Even giving bonus points for an away win in World Test Championship or rankings is a good idea but an interzonal win would would require the team to play out of their skins compared to Pakistan winning on spin friendly pitches of Sri Lanka, i.e a victory within the same zone.

5-6 wickets in a T20 Inning !

SL vs PAK T20

This might not be a popular idea but it certainly looks interesting. With the kind of decks and batsmen thrashing poor bowlers from Ball 1 in the shortest format, the idea of restricting a T20 inning to only 5 or 6 wickets might look unconventional but not foolish.

In the existing format, a team plays with 8-9 batting resources in general meaning it can afford to lose a wicket in every 2-3 overs ( afford to lose a wicket doesn’t mean the team would not be disappointed with losing the wicket of it’s main player ) which gives them the leverage of keep going for the shots. With just 5 wickets to play with, the same team now will also look to save it’s wickets.

It would make T20 batting slow and simultaneously boring ” is the best argument against this creativity which is correct at it’s own place but what also makes it boring is to see no balance between bat & ball and teams posting over 190 runs in two out of the three games.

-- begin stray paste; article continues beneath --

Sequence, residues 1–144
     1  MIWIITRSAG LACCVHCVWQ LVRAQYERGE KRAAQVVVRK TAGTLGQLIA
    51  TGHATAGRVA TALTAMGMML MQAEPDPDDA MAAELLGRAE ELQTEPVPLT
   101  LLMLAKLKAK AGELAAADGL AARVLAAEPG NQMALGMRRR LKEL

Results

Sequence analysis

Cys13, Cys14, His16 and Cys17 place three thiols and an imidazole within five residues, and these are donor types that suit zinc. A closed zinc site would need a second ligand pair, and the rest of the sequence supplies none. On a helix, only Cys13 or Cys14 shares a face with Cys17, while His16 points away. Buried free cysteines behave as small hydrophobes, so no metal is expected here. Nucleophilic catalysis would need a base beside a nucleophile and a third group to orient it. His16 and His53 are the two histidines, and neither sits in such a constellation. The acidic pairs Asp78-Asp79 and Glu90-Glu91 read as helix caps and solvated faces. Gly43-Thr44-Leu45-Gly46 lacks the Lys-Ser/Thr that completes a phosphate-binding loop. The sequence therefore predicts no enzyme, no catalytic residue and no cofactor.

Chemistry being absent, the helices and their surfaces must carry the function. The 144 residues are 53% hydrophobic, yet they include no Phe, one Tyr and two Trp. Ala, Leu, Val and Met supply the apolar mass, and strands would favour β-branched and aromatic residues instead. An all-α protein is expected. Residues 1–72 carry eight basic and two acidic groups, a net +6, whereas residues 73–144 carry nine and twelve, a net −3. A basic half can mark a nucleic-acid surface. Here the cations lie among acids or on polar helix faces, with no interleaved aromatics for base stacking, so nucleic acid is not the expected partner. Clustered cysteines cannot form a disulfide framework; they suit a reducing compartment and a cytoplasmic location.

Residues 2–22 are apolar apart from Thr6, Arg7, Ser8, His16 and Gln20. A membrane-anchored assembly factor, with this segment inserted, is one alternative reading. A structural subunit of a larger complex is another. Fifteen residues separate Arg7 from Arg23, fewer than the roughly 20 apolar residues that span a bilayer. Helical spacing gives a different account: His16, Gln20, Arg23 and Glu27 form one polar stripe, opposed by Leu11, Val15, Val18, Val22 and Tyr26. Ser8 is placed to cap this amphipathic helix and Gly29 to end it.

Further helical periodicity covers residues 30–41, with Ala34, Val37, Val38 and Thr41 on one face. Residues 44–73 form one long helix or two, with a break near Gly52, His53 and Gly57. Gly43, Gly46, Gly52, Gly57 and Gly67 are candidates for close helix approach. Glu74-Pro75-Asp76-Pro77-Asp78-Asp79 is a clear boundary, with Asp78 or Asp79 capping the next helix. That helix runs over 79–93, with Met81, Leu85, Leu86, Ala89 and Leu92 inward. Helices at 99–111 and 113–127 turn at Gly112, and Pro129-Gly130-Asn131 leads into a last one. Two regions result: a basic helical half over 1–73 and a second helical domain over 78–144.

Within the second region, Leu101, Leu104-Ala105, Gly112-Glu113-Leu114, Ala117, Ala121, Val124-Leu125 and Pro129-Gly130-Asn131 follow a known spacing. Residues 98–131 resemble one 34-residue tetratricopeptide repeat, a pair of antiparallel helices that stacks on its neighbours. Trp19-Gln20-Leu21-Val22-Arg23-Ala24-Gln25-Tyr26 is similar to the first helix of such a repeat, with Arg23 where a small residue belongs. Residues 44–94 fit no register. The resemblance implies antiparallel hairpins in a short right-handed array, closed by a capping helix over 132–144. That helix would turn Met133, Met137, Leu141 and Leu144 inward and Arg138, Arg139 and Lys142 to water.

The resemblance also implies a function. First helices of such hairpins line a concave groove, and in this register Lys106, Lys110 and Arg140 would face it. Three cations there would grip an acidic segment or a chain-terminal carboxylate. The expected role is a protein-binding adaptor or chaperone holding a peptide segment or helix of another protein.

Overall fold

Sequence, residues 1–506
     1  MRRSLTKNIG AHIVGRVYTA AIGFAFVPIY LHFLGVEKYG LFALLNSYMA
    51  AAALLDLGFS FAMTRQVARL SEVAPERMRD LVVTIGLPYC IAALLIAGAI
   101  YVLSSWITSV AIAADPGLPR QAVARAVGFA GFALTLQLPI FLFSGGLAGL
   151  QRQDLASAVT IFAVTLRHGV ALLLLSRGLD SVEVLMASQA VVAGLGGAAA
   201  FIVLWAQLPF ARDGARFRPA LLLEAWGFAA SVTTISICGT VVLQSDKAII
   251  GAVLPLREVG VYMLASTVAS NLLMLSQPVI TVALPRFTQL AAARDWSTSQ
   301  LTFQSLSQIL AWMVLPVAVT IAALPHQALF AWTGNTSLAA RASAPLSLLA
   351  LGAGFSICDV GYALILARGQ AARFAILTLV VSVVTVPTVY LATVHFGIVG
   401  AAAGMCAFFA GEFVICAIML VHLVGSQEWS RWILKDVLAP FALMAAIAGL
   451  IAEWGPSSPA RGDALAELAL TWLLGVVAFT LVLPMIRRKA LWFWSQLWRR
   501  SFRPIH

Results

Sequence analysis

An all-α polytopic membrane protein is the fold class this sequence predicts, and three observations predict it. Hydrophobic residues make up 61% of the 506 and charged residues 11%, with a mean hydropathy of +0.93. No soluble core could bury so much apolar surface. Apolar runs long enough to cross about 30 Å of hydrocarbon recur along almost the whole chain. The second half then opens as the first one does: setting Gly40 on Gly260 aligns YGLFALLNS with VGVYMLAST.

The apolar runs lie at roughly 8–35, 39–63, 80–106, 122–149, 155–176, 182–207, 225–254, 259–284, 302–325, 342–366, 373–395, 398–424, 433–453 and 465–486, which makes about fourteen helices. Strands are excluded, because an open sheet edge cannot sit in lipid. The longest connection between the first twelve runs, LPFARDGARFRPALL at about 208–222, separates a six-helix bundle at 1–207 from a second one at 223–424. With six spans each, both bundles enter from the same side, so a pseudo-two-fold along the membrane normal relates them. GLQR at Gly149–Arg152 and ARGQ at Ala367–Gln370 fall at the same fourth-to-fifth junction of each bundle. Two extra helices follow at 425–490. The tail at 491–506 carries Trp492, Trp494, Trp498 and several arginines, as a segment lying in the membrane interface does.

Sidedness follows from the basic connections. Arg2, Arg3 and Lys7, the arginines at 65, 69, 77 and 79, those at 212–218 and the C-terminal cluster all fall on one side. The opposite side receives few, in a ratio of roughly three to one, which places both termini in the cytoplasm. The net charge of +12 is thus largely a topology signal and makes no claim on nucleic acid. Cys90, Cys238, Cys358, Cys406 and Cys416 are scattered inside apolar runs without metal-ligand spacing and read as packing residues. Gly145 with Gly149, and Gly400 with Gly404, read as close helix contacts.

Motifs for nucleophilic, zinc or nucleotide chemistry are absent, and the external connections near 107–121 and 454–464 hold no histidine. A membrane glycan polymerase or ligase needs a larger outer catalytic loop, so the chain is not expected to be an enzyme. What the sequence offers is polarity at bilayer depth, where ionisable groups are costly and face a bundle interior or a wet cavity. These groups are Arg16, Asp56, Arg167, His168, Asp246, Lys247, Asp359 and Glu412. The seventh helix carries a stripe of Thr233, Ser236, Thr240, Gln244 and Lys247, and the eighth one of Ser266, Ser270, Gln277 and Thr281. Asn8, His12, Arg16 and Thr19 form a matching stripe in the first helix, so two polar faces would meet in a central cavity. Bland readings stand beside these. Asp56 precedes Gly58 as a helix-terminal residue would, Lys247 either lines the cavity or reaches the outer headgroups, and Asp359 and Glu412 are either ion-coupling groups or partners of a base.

This little tweak will also allow teams to play with more specialist bowlers & batsmen (they can now play with 6 batsmen and 5 bowlers ) instead of bits & pieces cricketers taking the mediocrity away from the game.

Allowing a bowler to bowl couple more than his full quota of overs

Mitchell Starc

Since there is no restriction over how many overs one particular batsman can bat, one or two bowlers could be allowed to bowl for more than their full quota of overs depending on the format. This would give bowling captain some breathing space in case one of his bowlers is having a bad day.

In an ODI match, Mitchell Starc for Australia is bowling with great rhythm with the new ball, his captain obviously wants him to bowl as much as he can to achieve the best possible result but he has to take him off because he has only 10 overs of Starc in his armory.

Now in the same match, a certain Virat Kohli is going all guns blazing, he as captain has nothing to worry about apart from his batting as he can bat till he gets out.

” If the best batsman can face most number of balls, best bowler having a go at him for as long as can he sustain his energy ” seems a more than decent argument however, the counter argument ” batsman tries to play out the main bowler so that he can go hard against the less potent bowlers ” wins the debate and the above rule tweak might complicate things for the batsmen.

Therefore, allowing one bowler to bowl more than his 10 or 4 overs in a match isn’t a bad idea at all but his quota should only be extended to 2 more overs covering for one struggling bowler making it fair and balanced on both sides.

Some other rule tweaks which are the need of the hour :

  • No run as Leg Bye. Bowler shouldn’t be penalized for beating the batsman.
  • No overthrow run if the ball hit the stumps or bat or any part of batsman’s body.
  • No extra run if the batsman gets bowled on a free hit. Ball should be considered dead when it hit the stumps.